About every other month or so for the last three years, a member of the Pittsburgh media has asked Pirates general manager Neal Huntington what amounts to the same question:
“How are you ever going to get to a point where you’re going to spend more money?”
Usually, Huntington responds with a version of his answer that goes along the lines of:
“We need to put a winning baseball team on the field that more people will want to see, and when that happens, we’ll re-invest the additional profits that come along with it.”
A lot of the media, some ignorantly and some maliciously, interpret that as Huntington blaming the fans. He’s not. He’s just acknowledging the reality of his potential revenue streams. The only way he’s going to get more money to spend is if the team makes more money, and the only way for that to happen is to sell more tickets, t-shirts, hot dogs and $8 beers.
It’s a chicken-or-egg thing, though Huntington freely acknowledges that the piece that needs to come first is the Pirates winning. But even if his words are taken at their true meaning, something is still amiss.
The Pirates claim to believe that they can contend in perpetuity without needing a finite window, and that was the team’s stated reason for not trading a bunch of prospects at the 2015 trade deadline or during the 2015-16 off-season in order to capitalize on a team that looked as if it could be improved upon.
Even when the Pirates’ 2016 and 2017 seasons didn’t go the way the team hoped it would, “competing every year” remained the company mantra and the players received in exchange for stars Gerrit Cole and Andrew McCutchen were mostly MLB-ready, not to mention the acquisition of All-Star outfielder Corey Dickerson. But while the Pirates were saying they think they can compete any year, even a year in which they trade a pair of franchise cornerstones, they were trimming roughly $11 million from the payroll.
But if a team remains consistently in contention, it stands to reason that it would consistently be more and more profitable. Unless it gets to the point of the late 1990’s Atlanta Braves, where a team had been in the postseason so many times in a row without winning a championship, having playoff quality baseball on the North Shore year in and year out would be a financial boon for the Pirates.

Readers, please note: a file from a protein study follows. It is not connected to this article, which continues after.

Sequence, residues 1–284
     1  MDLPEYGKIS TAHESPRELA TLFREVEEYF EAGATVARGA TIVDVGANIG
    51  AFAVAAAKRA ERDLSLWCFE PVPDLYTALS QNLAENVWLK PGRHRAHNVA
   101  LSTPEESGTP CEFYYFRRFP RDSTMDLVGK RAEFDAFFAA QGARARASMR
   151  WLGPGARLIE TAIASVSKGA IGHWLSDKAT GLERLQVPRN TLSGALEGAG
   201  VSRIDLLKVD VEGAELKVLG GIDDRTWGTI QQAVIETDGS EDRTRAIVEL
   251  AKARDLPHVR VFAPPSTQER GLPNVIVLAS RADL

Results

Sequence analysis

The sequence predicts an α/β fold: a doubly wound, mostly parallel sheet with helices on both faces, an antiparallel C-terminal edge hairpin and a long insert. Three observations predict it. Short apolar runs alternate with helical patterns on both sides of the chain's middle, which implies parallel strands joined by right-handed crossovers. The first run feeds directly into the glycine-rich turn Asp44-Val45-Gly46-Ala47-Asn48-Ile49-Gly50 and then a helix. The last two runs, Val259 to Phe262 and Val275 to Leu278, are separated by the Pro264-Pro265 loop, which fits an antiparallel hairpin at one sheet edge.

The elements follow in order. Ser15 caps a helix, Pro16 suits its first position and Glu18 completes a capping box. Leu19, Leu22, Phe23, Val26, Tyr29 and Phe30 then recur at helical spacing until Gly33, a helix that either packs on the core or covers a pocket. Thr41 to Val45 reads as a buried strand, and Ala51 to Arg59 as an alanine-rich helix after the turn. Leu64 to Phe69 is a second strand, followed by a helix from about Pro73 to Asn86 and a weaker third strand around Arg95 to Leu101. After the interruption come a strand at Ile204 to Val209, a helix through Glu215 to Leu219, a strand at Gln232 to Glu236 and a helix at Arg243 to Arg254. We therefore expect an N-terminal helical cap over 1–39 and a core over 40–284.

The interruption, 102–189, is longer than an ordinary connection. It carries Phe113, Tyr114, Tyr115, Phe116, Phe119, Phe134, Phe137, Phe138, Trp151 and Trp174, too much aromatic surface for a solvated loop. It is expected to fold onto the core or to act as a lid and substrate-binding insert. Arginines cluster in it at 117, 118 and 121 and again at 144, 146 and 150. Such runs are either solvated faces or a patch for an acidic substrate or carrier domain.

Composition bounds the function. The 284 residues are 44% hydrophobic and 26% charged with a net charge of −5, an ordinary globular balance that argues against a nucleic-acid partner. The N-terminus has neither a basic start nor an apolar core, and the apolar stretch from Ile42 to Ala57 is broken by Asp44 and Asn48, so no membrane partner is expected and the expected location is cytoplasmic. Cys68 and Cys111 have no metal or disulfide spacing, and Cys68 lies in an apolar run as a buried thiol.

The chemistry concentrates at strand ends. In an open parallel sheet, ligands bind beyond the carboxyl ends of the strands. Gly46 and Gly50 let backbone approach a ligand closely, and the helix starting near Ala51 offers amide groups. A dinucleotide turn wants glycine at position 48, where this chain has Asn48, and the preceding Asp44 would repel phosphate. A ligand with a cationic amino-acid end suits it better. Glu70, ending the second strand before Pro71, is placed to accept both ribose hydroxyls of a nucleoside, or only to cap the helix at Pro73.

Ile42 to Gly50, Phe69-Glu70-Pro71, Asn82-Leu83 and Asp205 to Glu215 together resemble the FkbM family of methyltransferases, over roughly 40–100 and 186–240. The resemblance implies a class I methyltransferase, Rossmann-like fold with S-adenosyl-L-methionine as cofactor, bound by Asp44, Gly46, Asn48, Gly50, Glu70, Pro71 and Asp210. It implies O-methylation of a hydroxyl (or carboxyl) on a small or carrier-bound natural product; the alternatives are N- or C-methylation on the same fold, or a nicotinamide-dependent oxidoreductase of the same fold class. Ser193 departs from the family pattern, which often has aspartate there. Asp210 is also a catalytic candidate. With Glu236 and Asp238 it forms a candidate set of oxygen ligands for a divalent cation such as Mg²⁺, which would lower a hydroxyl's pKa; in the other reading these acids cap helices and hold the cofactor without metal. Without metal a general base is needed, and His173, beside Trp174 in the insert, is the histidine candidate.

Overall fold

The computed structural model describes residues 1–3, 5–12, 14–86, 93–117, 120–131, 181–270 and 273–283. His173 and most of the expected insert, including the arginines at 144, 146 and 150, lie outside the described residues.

If the Pirates really believed that they were going to compete this year, next year and the year after, why hamstring themselves with a short budget? It doesn’t make any sense. Even if that meant losing a bit of profit in the short-term, the valuable commodity of a consistently competitive team would far outpace the initial layout.
It’s possible to compete and even win with a low relatively payroll. The Pirates did it from 2013-15. The Royals and Indians have done it, as well. The Marlins won the World Series twice doing it. But all of those teams have dealt with the reality of windows of competition.
The Pirates say they don’t believe in them, but their actions say something else. I don’t expect Huntington to give his true opinion on the matter, whether it matches the company line or not. But the problem is that when he says the Pirates don’t believe in windows and can compete yearly, the fanbase doesn’t believe him.
The Pirates like to paint as rosy as possible of a picture for their situation. That’s probably human nature. They want people to think that things are going to be OK. They’re selling hope.
But nobody’s buying. Entering the holiday, the Pirates are averaging 17,137 through the gates per home game at PNC Park. If that figure holds true, it would be the Pirates worst season of attendance in PNC Park and the team’s worst overall since 1996. Even during the team’s 20-year losing skid, they drew more than 1.388 million (17,137 x 81) fans every year except three: 1994, 1995 and 1996. Two of those seasons were shortened by the strike and it took a little while for fans to come back to baseball afterwards, resulting in lower numbers in 1996.
So what should they do? This season seems to be lost on the attendance front. A playoff run seems more and more unlikely. As of Tuesday, Fangraphs gave the Pirates a 3.1 percent change to make the playoffs. Vegas is calling the Bucs a 66/1 long shot to win the division (per Bovada.lv as of Tuesday.) The winning that Huntington acknowledges needs to happen first for there to be a turnaround doesn’t appear to be on the horizon.
In fact, it seems much more likely that the Pirates will trade away some veteran players as the trade deadline approaches. That could be the start of a real rebuilding process for the Pirates, or maybe not. As Tim Williams recently wrote, the Pirates might be able to unload some veterans without an appreciable drop off in play.
But either way, it should be now as clear as it’s ever been, at the cusp of a third straight year without the postseason, that the Pirates are beholden to windows of competition, whether they’d like to be or not. It would be good to start acting like it, and would probably go a long way to mending some fences with the fanbase to actually acknowledge it.